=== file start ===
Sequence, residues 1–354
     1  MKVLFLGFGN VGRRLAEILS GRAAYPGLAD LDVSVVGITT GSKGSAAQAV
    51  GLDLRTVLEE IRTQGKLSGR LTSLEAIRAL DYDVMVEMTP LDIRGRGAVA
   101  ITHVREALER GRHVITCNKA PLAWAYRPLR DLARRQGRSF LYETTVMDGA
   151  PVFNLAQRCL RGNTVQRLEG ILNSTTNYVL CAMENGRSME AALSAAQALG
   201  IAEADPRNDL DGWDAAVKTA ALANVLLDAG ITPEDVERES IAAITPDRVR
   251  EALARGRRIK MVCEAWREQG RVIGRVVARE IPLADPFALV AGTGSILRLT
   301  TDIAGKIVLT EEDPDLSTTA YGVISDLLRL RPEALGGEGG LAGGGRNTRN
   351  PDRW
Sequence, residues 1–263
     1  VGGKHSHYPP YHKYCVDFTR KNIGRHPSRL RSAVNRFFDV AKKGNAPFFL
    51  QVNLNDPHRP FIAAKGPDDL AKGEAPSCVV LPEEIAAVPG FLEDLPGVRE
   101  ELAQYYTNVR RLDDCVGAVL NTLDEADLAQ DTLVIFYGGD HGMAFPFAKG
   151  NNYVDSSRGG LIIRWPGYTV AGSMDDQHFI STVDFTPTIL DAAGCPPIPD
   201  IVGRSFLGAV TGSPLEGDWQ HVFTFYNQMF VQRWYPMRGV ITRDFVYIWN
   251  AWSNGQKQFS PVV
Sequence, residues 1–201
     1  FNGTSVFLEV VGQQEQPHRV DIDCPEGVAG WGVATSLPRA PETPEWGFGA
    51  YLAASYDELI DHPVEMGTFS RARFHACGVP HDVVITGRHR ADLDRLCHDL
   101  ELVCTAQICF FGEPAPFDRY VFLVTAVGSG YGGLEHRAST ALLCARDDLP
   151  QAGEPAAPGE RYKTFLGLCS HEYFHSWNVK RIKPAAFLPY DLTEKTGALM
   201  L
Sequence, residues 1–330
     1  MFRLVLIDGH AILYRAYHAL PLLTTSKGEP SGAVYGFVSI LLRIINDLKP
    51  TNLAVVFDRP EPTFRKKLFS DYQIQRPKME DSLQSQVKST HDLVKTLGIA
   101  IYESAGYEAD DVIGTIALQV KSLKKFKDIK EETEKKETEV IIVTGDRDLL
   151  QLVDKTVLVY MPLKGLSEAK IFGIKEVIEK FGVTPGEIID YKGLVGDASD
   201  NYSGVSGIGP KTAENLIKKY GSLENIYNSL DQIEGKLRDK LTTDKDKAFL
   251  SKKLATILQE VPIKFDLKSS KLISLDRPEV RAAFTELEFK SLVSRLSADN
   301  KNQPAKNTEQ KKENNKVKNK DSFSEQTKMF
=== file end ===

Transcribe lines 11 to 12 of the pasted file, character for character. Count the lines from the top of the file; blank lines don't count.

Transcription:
     1  VGGKHSHYPP YHKYCVDFTR KNIGRHPSRL RSAVNRFFDV AKKGNAPFFL
    51  QVNLNDPHRP FIAAKGPDDL AKGEAPSCVV LPEEIAAVPG FLEDLPGVRE